Which retirement account is best for physicians?

Whether you are starting a new job, like me, or extending the contract at your current one, part of the process may involve signing up for retirement accounts. Most people have heard of a 401(k), but you may have other options available to you such as a 403(b) and Roth IRA. Let me breakdown the pros and cons of each account, so you can better determine which one is best for you.

What is a 403(b)? A 403(b) is a type of employer-sponsored retirement plan offered to people who work at nonprofit organizations. It functions very similarly to a 401(k), which is a type of employer-sponsored retirement plan offered to people who work at for-profit organizations.

Pros of a 403(b) (or 401(k))?

1. You can lower your taxes.

As of 2019, you can contribute up to $19,000 a year in these accounts, pre-tax. That means that you don’t have to pay yearly income taxes on the portion of your paycheck you allocate to retirement. For high-income earners with tax rate near 30%, contributing to this 403(b) plan can save them nearly $6,000 a year in taxes.

2. You may get a “match” from your employer.

This is when the company places an equal amount of their money into your account to “match” the contribution you made. If you contribute $6,000, they will “match” your contribution with an additional $6,000. At the end of the year, you will have a total of $12,000 in the account, plus interest.

3. You can lower your monthly student loan payment.

The income-driven student loan repayment plans are based on a percentage of your discretionary income. Your discretionary income is your “taxable” income minus 150% of the poverty line (the minimum amount of money needed to cover living expenses). When you contribute to employer-sponsored plans, like a 403(b) or 401(k), you lower your taxable income.

Lowering your taxable income, reduces your discretionary income, which then lowers your monthly student loan payment. Although interest will still accrue on your loans, lowering your monthly payment is beneficial if you are enrolled in public service loan forgiveness.

Cons of a 403(b) (or 401(k))?

1. You are limited in the type of investments you can make.

When you contribute to a 403(b), you are simply putting money into an account. In order for the money to grow over time, you must actually invest the money in that account. Employer-sponsored plans can be limited in the types of investment options they allow you to make. Most employer-sponsored plans allow you to invest in index mutual funds, which purchase a variety of stocks or bonds in different industries. However, they usually do not allow you to make other types of investments in things like real estate.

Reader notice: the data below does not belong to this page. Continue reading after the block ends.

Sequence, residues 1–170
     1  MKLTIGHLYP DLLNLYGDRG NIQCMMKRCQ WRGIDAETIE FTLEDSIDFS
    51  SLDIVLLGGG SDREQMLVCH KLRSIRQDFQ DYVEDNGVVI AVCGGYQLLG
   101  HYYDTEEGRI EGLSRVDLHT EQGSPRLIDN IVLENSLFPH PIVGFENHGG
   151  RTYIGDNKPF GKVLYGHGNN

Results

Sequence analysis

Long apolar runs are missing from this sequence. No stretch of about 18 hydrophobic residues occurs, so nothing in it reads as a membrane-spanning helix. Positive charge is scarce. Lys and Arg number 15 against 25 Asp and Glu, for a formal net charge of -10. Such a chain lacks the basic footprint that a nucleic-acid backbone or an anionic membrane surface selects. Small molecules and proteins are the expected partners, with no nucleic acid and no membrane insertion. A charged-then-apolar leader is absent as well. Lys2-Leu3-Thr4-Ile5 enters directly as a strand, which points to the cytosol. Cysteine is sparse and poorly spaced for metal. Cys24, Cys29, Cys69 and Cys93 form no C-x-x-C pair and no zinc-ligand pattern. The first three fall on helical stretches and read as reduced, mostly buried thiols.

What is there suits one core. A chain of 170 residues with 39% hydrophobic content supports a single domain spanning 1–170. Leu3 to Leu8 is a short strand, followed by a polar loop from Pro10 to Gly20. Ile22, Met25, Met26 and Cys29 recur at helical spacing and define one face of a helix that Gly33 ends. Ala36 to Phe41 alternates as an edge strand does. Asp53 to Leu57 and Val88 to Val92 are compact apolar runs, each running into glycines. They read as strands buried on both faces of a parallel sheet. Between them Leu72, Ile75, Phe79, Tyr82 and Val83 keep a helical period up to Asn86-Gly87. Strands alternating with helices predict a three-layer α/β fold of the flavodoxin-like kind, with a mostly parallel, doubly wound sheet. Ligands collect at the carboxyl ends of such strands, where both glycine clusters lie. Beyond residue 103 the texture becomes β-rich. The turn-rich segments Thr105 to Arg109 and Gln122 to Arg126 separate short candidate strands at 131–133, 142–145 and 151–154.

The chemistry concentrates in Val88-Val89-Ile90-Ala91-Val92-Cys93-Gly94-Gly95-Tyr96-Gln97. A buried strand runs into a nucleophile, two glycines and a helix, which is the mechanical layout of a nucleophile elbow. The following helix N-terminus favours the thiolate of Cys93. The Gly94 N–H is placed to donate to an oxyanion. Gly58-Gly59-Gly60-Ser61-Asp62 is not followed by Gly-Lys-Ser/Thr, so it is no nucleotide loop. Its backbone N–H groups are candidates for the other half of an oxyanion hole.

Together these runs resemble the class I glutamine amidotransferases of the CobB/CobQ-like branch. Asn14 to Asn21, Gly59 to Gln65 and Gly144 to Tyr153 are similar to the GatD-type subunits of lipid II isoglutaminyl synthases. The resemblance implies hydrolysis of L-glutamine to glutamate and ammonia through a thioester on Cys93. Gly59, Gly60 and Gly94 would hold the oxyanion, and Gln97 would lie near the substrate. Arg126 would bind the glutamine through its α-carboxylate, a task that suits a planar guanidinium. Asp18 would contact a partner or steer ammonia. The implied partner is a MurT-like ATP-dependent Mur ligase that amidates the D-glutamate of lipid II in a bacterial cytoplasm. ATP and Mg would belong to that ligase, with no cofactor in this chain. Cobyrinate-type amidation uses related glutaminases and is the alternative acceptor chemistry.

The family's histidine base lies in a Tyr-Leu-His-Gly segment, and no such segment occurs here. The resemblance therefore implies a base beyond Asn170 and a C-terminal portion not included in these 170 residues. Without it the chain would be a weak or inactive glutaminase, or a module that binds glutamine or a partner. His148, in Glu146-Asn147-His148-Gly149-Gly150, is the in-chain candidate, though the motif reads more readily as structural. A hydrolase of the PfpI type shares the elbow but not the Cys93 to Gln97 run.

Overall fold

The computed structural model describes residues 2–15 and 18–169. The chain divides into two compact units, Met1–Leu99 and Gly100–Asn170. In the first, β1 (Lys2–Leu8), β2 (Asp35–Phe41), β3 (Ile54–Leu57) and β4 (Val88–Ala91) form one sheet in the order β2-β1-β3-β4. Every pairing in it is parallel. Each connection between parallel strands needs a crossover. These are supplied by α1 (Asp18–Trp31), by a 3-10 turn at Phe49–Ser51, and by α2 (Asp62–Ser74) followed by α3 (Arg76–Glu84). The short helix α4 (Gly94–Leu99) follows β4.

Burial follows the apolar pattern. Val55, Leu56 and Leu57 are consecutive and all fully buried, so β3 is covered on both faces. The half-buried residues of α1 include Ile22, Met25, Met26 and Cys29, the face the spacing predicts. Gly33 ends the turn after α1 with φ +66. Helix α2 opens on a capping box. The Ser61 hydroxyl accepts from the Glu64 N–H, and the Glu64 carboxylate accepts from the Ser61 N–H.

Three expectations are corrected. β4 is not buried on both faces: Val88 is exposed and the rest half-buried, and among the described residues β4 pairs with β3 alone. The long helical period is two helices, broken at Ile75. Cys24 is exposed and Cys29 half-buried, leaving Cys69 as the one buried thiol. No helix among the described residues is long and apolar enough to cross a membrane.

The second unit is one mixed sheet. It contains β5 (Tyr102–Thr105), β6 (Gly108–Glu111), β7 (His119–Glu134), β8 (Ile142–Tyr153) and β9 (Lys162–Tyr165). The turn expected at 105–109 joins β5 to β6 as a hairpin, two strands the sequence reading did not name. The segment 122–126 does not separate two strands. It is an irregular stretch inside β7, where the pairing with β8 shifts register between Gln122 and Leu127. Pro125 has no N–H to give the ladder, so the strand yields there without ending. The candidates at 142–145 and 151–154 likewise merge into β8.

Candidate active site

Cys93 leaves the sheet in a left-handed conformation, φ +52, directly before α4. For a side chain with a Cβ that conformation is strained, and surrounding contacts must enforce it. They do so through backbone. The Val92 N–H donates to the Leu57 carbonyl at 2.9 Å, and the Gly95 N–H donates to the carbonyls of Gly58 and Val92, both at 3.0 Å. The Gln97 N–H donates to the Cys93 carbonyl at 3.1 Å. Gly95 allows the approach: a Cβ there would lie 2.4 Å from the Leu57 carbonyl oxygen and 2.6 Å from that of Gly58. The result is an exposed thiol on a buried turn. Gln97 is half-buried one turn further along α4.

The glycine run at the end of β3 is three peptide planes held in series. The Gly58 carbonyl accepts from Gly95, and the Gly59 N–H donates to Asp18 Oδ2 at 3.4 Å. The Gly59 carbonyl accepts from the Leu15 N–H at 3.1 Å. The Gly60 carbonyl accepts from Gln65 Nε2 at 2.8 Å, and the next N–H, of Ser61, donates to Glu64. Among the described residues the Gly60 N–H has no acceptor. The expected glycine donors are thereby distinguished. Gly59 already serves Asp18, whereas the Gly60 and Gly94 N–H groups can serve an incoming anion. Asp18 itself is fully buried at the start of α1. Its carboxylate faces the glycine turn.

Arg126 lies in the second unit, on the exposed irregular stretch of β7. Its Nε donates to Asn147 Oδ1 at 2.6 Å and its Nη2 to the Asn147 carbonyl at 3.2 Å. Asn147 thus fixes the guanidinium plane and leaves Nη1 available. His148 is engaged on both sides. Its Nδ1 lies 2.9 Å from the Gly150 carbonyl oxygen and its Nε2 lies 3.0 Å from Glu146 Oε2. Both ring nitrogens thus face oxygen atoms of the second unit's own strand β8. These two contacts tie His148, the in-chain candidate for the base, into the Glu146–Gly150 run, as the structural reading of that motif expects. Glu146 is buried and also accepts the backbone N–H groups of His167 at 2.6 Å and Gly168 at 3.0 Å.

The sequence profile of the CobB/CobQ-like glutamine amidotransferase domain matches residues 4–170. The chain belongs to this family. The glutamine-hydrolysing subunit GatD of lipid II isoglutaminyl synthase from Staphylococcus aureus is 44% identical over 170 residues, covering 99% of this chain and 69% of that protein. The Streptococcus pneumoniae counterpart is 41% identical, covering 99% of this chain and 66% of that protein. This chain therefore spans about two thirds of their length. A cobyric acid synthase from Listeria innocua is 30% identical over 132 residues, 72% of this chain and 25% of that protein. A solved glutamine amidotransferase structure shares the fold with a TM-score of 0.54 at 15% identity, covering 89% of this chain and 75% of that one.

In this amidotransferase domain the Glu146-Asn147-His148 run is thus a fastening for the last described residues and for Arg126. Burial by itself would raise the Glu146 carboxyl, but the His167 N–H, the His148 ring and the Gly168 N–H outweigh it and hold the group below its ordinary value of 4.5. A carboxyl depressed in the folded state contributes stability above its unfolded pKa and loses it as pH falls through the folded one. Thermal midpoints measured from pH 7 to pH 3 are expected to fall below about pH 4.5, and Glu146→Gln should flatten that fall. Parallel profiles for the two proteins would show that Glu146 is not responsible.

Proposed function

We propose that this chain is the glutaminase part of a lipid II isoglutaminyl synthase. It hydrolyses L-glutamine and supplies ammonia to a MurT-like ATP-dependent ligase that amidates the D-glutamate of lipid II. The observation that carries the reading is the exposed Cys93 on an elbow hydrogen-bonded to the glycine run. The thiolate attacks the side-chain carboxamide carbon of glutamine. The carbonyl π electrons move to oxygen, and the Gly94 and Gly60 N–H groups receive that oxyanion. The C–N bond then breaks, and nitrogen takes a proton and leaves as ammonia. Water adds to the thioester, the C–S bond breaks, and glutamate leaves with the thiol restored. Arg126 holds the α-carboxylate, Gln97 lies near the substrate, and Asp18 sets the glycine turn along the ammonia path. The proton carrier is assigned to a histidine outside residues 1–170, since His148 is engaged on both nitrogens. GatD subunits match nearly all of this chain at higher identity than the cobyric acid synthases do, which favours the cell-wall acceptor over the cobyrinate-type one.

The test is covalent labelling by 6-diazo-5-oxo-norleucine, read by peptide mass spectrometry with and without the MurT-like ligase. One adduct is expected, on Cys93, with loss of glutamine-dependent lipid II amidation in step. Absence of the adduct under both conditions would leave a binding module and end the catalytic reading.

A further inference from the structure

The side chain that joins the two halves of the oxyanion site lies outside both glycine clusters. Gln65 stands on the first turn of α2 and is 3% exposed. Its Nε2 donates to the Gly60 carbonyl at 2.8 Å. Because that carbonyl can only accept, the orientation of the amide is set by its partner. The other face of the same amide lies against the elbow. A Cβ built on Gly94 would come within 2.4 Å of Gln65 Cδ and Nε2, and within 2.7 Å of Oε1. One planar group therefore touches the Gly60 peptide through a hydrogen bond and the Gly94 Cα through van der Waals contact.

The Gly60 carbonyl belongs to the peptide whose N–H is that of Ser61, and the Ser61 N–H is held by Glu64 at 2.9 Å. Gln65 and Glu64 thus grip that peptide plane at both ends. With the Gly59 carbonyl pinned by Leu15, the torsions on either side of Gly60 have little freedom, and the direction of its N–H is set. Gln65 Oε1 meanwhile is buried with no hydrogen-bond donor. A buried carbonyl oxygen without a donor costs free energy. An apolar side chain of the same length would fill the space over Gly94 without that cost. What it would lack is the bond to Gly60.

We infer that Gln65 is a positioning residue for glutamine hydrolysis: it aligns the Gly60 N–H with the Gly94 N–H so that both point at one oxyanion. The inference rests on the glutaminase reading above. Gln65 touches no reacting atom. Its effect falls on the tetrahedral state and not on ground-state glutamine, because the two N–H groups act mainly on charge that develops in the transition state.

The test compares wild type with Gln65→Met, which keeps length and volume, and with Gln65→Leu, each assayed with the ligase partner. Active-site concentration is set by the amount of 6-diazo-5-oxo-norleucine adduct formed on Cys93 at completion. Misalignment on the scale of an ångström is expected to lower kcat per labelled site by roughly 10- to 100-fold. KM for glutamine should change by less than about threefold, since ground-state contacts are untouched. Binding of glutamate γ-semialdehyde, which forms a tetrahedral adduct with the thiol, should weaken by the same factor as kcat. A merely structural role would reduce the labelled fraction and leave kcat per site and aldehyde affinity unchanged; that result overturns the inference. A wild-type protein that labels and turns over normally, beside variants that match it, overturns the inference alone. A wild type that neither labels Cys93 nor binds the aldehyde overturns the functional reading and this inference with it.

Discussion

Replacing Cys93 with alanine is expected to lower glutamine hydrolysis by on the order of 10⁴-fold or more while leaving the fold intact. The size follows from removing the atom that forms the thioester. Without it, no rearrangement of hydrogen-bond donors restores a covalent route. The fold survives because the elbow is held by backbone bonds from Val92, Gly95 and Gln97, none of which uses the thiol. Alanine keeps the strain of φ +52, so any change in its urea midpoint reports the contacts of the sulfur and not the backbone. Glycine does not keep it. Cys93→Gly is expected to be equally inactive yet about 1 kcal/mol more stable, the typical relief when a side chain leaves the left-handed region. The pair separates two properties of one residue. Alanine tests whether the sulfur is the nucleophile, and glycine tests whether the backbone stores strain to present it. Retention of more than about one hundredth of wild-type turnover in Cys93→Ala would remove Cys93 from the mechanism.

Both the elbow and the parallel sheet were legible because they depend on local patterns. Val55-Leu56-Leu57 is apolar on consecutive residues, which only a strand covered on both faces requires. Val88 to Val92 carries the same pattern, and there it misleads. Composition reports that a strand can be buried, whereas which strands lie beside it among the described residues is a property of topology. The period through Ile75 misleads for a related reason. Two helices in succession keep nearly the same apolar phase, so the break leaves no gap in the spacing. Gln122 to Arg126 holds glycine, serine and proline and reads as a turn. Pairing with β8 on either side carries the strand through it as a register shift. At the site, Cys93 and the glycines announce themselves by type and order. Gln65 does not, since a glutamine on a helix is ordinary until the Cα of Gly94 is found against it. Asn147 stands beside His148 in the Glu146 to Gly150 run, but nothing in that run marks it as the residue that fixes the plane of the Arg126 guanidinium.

2. You will have to pay taxes on the money you withdraw in retirement.

Since you contribute to this account with “pre-tax” dollars, you did not pay taxes on the money before it went into the account. Thus, you will have to pay taxes when you take the money out of the account in retirement. Since the money in these accounts will have been invested in a way that will hopefully make you even more money, when you withdraw money in retirement you’ll also be paying taxes on the profit you made from these investments.

What is a Roth IRA? A Roth IRA is a type of individual retirement account (IRA). Unlike a 403(b) (or 401(k)), this account does not go through your employer. You can contribute to a Roth IRA (or a traditional IRA) with any type of earned income you get from your main job or any side job.

Pros of a Roth IRA?

1. You don’t have to pay taxes on the profit in retirement. You contribute to a Roth IRA account with post-tax dollars. Since you’ve already paid income taxes on the money, you will not have to pay taxes on that money (or any profits you made) when you take it out in retirement.

2. You have more investment options. Unlike employer-sponsored plans, you can make a variety of different investments through a Roth IRA. You can invest in index mutual funds, buy individual stocks, or even invest in real estate.

3. You can withdraw money from the account easier. Although the goal is to leave money in the account until you retire, if you need to take the money out earlier (to cover the down payment on your home or pay off your student loans), it is easier to do that from a Roth IRA without incurring as many penalties or being charged extra fees.

Cons of a Roth IRA?

1. You can’t put as much money into the account each year. Unlike a 403(b) (or 401(k)) that allow you to contribute up to $19,000 a year, you can only put $6,000 a year into a Roth IRA. Since the contribution limit is so low, there’s a good chance you’ll max out this account and need to use other types of retirement accounts after you hit the contribution limit.

2. You won’t save as much money in taxes in the short-term. Since you contribute with post-tax dollars, you will pay income taxes on this money before you contribute to the account. This raises your tax bill in the short-term and could decrease the amount of cash in your pocket after each paycheck.

Which account am I contributing to?

Both. Since I’m a first-year resident physician, I plan to start off-putting about 10% of my income into the 403(b). Even though my job doesn’t offer a “match,” the tax savings and lower student loan payments that come with this account will leave more cash in my pocket each month. Any additional earned income I make from blogging or moonlighting shifts, I’ll put into a Roth IRA. Once I finish residency training, I’ll convert some of the money I saved in my 403(b) to a Roth IRA so I can have a decent chunk of money in both accounts.

Altelisha Taylor is a family medicine resident and can be reached at Career Money Moves.

Image credit: Shutterstock.com

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